Mr. Birling sacked Eva Smith due to her demand of fair wages to the serving class. But instead of getting the fair amount for her service, she had been dismissed from the Birling Firm. As a result, Eva Smith had to seek for another job. 

Eva Smith got a job at the Milwards but only after changing her name as Daisy Renton, but unfortunately she had to leave the job due to Sheila complaint to the manager of the Milwards because her ego was hurt. As a result Eva Smith had to wander on the streets and fine refuge somewhere like Palace Bar where she met Gerald Croft. Gerald Croft gave her some support and shifted her to his friend’s house

Mr. Eric Birling, son of Arthur Birling and Mr. Gerald Croft, fiancé of Sheila Birling try to exploit the opportunity. They pretend to be very friendly and have sympathy for Eva Smith. But actually they used her for their lust. They forced her to sleep with them. They know how to exploit the poor and destitute girl who becomes a victim of injustice and immoral acts imposed upon Eva. 

The character of Eric Birling presents the recklessness and indifference of a merry-go-lucky man who least bothers about the poor and needy girl, Eva Smith.


Clash between Capitalist and Socialist ideologies: 

The play “An Inspector Calls” throws light on the conflict between the capitalist and socialist principles. The character of Arthur Birling is representative of capitalist class, he is a manufacturer who does not like to increase the wages of his workers though they have been suffering and going through extreme poverty. 

Arthur Birling thinks about the loss his company would bear after giving perks to his workers like Eva Smith. When the workers go on strike, he dismisses Eva Smith from her job which leaves her jobless. 

The dialogues of Inspector Goole clearly suggest his socialist principles and he rebukes Mr. Birling about his rude and insensitive attitude. Inspector Goole thinks that the workers should have been paid fair amount for their work but even their small demand was not fulfilled by Mr. Burling. That is why; Mr. Birling calls Inspector Goole a ‘Crank’ socialist. 

Thus the play clearly indicates the difference between the two ideologies. Life is merely a game of profit and loss for Mr. Birling who pays no attention to the workers’ demands who work for him. 

Poverty and Exploitation: 

Though Eva Smith does not appear on the stage, she is a protagonist of the play and the whole play revolves round her story. She faces many hurdles in her path, she fights for her rights, and she maintains her self-respect in the course of drama. She demands fair wages from Mr. Birling but her demand is disapproved by him in order to get profit. 

Eva Smith has to go through hardships and she lives in penury when she is dismissed and she becomes jobless. She sought some support from people but instead of getting help she was exploited. Eva’s poverty and adverse conditions made her sleep with Gerald Croft and Eric Birling. Gerald Croft and Eric offer her money but not love which was needed.


Inspector Goole can be deemed as ‘Conscience Incarnate’.  The last statement of Inspector Goole is the key point and main highlight of the play; it is a message to all humanity by the playwright.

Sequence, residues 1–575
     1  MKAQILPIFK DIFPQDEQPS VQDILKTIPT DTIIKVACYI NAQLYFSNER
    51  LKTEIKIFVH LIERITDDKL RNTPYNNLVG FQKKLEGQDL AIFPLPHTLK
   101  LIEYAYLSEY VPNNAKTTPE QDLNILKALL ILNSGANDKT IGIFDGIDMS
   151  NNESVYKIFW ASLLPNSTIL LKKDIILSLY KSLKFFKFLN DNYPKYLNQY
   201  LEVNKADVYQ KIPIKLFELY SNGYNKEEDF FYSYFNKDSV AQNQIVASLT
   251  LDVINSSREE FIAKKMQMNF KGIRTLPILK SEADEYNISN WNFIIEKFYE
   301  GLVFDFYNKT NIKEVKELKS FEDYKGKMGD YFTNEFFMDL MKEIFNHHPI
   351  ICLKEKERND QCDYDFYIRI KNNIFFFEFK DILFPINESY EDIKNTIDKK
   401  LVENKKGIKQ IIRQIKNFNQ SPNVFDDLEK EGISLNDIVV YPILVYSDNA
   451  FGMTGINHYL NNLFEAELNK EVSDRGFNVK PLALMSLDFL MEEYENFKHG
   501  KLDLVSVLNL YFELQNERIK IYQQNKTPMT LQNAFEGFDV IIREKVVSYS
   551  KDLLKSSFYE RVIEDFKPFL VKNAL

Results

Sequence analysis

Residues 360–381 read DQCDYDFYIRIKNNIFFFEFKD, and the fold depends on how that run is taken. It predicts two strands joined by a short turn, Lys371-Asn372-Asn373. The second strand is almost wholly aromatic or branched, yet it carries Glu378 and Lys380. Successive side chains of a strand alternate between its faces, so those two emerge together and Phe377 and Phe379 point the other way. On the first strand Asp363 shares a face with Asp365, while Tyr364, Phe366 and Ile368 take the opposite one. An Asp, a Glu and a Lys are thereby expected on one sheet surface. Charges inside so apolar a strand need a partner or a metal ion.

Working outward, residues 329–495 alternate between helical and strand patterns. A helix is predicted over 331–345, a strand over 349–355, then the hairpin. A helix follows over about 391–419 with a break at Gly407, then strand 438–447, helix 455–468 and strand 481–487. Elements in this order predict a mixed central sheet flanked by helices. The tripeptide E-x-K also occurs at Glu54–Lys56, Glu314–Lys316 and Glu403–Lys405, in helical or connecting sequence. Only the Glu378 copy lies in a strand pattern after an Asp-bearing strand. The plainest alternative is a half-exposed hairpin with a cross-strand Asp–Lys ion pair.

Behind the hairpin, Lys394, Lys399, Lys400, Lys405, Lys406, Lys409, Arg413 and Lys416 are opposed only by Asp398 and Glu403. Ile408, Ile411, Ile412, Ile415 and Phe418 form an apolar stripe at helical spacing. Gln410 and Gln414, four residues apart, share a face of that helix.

Inspector Gooloe says, “One Eva Smith has gone – but there are millions and millions and millions of Eva Smiths and John Smiths still left with us, with their lives, their hopes and fears, their suffering, and chance of happiness, all intertwined with our lives, with what we think and say and do. We don’t live alone. We are members of one body. We are responsible for each other. And I tell you that the time will soon come when, if men will not learn that lesson, then they will be taught it in fire and blood and anguish.” 

Inspector Goole makes the Birling and Gerald Croft aware about their social responsibility and for that matter each and every individual of society. He suggests that if the capitalists and rich people do not take collective responsibility of the downtrodden people there will be anarchy in the so called ‘modern society’. And many girls like Eva Smith will die of hunger and unemployment. They will be exploited and harassed. 

It becomes a collective responsibility of people to look after the welfare of the poor and destitute as Eva Smith. There will be unrest, revolt and war if people do not care about every member of the society look after each other. 

Inspector Goole's last dialogue in the play hints at the two world wars and the social problems humanity will face if it does not pay attention to their social duties. Inspector Goole seems to have travelled back only to remind people about their role in modern and industrialized world. 

Inspector Goole harps on the matter of suicide of Eva Smith and makes the Birling family confess their guilt because they have already been rude and selfish to the poor and destitute Eva Smith. 

The Birling family also seem to be suffering from their guilty conscience which makes them coward and confess their hidden and ugly secrets. Thus on the psychological basis, Inspector Goole skillfully and craftily unveils the sins and crimes committed by the Birling family who have deprived Eva Smith of her rights. 

If people expect great reform in society, they will have to make a sacrifice as a responsible member of society and pay little attention to profit and loss because life is not business. 

The play “An Inspector Calls” of J.B. Priestley depicts Eva Smith as a victim of a corrupt and snobbish society. The hardship and sufferings are not natural; they are products of the higher strata of society. 

The members of the Birling family are responsible in some way or the other for the misfortune, ruin and tragedy of Eva Smith. They irresponsible behaviour make Eva Smith suffer infernal pain. 

The play “An Inspector Calls’ imparts a moral message that emphasises the importance of social responsibility and social welfare. It advocates J.B. Priestley’s socialist principles and it is a criticism of middle-class snobbery and hypocrisy. 

Thus J.B. Priestley’s three-act play “The Inspector Calls” comments on the follies of people and it has been written in propagandist manner. There is a fine blending of satire, sarcasm and irony in “An Inspector Calls”. 

All the characters in “An Inspector Calls” except Eva Smith appear pygmies before her because they are selfish and they are devoid of sympathy, compassion and love for humanity.